Recall that as much as Frankenstein is a science fiction novel about the dangers of scientific hubris, the plot itself is driven by revenge. First, the creature seeks revenge against Victor and is so motivated by it that he’s willing to kill innocent people to make his creator suffer. Then it’s Victor who seeks revenge, chasing the creature across the frozen ice fields of the arctic. At the end of the novel, neither character wants to go on living except to punish the other. As readers, I think we can empathize—at least at times—with both of them. Which brings me to what I love most about revenge stories: the moral ambiguity revenge stories must confront.
As readers, I think we can relate to the desire for revenge. However, the question looms: can or should characters go through with it? Even though someone else has committed evil, is the answer for the protagonist to commit evil in response? If revenge was easy, Hamlet would be a much shorter play. Instead, the prince of Denmark vacillates for pages and pages (or hours and hours on stage), debating how and why and if he should avenge his father, only for his journey to end with a long trail of bodies in his wake, including his own. Often, it seems, no one wins in a revenge tale.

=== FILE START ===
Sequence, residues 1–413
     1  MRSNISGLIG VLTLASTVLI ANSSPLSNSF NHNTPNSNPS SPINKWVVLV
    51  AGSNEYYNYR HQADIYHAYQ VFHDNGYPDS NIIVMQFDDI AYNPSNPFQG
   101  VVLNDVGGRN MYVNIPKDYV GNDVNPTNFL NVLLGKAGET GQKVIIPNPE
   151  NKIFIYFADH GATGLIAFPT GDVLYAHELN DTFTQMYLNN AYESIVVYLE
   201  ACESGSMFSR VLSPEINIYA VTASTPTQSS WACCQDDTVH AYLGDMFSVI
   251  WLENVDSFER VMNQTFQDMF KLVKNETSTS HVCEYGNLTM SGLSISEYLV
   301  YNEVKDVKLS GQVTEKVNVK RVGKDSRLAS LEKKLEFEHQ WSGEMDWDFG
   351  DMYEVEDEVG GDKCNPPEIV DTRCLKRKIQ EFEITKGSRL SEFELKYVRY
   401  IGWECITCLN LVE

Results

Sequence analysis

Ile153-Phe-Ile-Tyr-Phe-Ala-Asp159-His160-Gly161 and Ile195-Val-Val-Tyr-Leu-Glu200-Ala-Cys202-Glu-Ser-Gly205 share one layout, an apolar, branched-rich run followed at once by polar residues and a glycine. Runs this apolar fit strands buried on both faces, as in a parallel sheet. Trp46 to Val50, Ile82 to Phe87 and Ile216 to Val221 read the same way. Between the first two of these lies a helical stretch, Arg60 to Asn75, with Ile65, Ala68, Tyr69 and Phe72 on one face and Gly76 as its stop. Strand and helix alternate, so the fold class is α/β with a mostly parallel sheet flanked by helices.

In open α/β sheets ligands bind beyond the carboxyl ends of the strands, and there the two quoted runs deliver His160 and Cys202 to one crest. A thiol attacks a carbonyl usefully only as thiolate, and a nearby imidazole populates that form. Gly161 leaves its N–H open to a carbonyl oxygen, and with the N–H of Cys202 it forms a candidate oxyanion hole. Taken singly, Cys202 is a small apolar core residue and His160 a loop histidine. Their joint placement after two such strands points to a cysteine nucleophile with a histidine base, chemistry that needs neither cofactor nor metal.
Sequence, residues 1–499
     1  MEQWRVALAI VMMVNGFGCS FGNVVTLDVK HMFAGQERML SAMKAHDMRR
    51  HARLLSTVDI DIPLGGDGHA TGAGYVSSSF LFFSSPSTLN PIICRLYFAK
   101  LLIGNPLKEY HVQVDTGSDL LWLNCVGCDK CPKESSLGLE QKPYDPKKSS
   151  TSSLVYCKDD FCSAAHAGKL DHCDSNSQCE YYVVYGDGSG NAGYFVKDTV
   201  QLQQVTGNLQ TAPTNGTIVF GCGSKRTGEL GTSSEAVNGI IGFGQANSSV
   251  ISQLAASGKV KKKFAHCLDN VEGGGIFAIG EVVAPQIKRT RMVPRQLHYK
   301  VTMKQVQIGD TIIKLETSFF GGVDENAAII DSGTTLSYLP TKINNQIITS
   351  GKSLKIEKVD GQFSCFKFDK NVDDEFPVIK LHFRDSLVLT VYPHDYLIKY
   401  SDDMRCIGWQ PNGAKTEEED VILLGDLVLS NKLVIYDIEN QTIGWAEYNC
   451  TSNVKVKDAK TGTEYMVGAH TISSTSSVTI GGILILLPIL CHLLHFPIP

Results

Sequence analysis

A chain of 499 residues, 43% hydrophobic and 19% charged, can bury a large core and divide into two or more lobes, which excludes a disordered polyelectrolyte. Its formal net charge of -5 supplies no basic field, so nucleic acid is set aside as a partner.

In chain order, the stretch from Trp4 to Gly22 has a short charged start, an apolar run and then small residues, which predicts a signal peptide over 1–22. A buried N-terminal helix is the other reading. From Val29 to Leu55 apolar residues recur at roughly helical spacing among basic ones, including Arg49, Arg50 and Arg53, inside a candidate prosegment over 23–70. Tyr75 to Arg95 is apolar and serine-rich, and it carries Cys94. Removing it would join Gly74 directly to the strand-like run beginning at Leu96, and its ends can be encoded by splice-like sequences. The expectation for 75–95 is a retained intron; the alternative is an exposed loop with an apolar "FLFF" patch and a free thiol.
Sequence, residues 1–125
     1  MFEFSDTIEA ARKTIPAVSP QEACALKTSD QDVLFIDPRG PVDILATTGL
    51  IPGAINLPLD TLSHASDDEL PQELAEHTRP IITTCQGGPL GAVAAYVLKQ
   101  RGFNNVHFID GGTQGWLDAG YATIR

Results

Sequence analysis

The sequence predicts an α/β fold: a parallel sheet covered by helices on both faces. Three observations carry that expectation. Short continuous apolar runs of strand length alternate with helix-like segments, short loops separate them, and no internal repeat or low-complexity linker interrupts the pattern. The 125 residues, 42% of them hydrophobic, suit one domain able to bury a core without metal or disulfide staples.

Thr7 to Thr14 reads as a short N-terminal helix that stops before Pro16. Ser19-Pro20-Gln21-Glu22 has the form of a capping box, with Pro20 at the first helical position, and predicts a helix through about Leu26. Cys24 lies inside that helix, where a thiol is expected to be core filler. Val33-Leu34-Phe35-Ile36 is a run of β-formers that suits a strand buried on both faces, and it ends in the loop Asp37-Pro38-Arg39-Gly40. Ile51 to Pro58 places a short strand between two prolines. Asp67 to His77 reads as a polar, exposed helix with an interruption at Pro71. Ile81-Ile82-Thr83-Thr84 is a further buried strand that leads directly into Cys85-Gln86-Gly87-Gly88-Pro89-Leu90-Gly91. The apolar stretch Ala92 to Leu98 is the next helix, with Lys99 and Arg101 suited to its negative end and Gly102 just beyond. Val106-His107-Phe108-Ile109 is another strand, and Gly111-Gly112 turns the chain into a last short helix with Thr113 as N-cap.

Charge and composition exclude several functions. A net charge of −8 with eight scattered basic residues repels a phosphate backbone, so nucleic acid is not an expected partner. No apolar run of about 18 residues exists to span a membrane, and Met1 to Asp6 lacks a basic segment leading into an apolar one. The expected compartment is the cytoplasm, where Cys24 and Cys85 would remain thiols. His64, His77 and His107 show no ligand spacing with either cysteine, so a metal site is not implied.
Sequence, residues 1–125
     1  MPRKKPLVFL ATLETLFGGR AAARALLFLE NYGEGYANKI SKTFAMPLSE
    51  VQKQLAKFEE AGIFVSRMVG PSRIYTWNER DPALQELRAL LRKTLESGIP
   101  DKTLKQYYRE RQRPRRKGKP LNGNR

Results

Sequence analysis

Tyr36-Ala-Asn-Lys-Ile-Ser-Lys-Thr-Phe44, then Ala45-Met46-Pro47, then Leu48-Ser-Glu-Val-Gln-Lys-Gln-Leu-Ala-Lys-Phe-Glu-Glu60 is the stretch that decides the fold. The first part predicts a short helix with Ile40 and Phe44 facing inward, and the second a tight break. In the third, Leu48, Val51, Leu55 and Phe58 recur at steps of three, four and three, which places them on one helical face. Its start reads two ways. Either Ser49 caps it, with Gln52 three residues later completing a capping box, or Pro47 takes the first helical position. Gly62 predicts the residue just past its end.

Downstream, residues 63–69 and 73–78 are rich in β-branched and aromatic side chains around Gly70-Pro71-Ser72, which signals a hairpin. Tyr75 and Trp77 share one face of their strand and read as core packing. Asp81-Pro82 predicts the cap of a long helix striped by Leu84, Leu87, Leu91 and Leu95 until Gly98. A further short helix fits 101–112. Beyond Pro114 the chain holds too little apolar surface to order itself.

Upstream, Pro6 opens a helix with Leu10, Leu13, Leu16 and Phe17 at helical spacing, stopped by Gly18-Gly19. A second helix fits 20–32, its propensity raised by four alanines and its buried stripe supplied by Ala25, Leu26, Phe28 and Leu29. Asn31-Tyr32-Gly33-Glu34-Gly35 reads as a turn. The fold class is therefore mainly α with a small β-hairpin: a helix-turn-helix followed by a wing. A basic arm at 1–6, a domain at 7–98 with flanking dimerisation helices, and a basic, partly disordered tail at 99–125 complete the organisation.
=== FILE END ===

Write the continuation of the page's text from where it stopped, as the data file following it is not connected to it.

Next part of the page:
We want the bad guys punished, yet we don’t want our heroes to lose their souls in doing so. But a good revenge story recognizes that it’s pretty much impossible to do the first without the second.
Plenty of mystery novels, new and old, grapple with elements of revenge in a variety of interesting and thought-provoking ways, from Sir Arthur Conan Doyle’s A Study in Scarlet to Agatha Christie’s Murder on the Orient Express to Gillian Flynn’s Gone Girl to Steph Cha’s Your House Will Pay to S.A. Cosby’s Razorblade Tears. The list goes on. However, my favorite revenge tale isn’t a novel but a short story: Edgar Allan Poe’s “The Cask of Amontillado.” Pretty much everyone I know read this in a high school English class, but if you haven’t read it since, it’s worth revisiting.